In our first meeting last week, our group leader posed the question, “Why do we push away good feelings?”
I was amazed and inspired by the depth of the conversation that followed (especially considering we had all just met), and I left that night still ruminating over why I personally tend to push away good feelings. I had an “ah-ha” moment on the car ride home, and I’d love to know if this is true for you, too.
Some part of me believes that feeling good for too long will lead to complacency. As a recovering achievement junkie, I tend to get anxious if I’ve been feeling content or peaceful for “too long.” Allowing myself to simply feel good about where I’m at and enjoy some calm downtime is uncomfortable because it means I’m not doing enough or not striving for the next goal. And how will I ever achieve (insert next major life goal) if I’m not constantly pushing and striving and chasing it? (Sound familiar?)
But that’s not at all how I want to live my life. I want to practice what Lissa Rankin calls being “eggy” (vs. always being “spermy”). What does “eggy” mean? It’s all about taking inspired actions, but letting go of the outcome. It’s about trusting that people, opportunities, and experiences will show up in your life exactly when they’re supposed to — it’s simply your job to be open and aware enough to receive them.
This sounds too easy, right? And sometimes it is. It feels really freeing to let go of your own iron grip on how a situation will work out, and it’s a relief to let go of feeling like you alone have to do and control everything. When I really allow myself to simply feel good, do only the things that naturally energize me, and let go of my own agenda, I feel (perhaps counter-intuitively) really powerful and authentic.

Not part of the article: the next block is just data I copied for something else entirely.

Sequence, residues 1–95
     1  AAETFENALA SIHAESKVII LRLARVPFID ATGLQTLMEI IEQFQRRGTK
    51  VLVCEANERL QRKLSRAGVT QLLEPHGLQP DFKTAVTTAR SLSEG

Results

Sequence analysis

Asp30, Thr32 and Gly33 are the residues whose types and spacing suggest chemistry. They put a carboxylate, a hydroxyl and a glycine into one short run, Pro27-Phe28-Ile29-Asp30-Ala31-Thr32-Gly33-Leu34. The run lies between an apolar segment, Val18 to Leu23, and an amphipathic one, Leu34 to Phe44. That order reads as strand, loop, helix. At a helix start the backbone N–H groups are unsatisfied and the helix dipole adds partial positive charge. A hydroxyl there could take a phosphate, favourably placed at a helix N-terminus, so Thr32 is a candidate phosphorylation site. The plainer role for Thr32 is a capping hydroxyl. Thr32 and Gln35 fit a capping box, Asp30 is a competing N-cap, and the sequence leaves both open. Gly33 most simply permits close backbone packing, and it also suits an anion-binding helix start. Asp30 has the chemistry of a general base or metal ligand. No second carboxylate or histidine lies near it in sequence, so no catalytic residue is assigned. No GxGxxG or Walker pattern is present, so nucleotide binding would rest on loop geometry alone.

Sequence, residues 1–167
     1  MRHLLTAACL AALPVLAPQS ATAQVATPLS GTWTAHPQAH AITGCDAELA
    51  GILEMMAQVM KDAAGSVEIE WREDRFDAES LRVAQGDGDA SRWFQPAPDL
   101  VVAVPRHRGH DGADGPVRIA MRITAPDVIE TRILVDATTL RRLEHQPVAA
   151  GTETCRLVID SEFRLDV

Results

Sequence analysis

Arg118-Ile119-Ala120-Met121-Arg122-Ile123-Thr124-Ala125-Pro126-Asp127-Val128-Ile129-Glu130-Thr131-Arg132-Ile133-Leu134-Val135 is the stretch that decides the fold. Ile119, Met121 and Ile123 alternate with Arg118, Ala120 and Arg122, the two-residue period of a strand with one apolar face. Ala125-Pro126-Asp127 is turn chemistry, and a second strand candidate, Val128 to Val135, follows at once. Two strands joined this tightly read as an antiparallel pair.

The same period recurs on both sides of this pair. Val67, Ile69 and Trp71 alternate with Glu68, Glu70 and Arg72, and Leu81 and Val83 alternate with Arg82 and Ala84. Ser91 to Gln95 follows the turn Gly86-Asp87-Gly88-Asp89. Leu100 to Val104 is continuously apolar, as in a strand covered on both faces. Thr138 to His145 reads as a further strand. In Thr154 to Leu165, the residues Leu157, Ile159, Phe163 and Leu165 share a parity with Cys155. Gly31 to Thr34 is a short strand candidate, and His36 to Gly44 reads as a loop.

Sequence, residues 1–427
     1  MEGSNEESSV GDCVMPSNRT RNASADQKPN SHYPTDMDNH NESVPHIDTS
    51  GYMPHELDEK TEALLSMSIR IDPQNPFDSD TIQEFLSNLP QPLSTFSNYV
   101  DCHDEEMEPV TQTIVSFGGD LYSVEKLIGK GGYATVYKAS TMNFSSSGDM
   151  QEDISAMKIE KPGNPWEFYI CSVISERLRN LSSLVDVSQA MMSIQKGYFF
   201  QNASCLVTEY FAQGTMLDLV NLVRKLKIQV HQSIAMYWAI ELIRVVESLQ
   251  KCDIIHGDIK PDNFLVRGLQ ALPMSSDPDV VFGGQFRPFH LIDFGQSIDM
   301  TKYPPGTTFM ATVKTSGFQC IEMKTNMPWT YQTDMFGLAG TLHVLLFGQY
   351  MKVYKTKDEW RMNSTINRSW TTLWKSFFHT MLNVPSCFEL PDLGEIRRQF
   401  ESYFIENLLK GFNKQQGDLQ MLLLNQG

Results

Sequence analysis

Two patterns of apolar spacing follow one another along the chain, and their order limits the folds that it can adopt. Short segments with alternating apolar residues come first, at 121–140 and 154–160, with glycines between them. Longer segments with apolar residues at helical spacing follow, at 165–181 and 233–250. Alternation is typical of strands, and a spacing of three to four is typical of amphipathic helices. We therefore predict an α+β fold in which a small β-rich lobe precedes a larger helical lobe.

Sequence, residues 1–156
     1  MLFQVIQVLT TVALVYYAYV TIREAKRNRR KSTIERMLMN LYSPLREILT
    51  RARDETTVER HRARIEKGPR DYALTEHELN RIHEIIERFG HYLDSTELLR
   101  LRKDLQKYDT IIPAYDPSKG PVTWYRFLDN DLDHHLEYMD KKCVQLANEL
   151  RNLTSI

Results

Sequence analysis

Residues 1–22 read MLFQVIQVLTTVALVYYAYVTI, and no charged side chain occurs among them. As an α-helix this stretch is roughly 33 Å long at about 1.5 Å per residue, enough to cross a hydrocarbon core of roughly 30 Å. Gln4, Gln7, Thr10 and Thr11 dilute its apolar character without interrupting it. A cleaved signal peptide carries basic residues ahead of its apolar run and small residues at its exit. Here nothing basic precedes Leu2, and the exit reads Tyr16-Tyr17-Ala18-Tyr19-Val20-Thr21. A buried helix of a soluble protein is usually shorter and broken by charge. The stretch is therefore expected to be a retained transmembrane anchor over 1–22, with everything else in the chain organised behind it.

But at times, being “eggy” is really tough. As Lissa describes:
“Being eggy requires managing the anxiety that comes with not pushing and overworking. When you’re working your ass off, at least you can reassure yourself with the knowledge that you’re ‘doing everything you can.’ When you’re being eggy, you might feel like a slacker, and that might freak you out, and then you might lose faith in the power of your eggyness- and then, paradoxically, being eggy doesn’t work.”
In our modern culture where achievement, long work days, and external measures of success are often how we define our self-worth, it’s hard to give yourself permission to take a breath and truly enjoy feeling good (without some lingering anxiety). But I think embracing the concept of “eggyness” more often is a pretty good start.
So now it’s your turn: Why do YOU push away good feelings?
Kristen (& Rachel)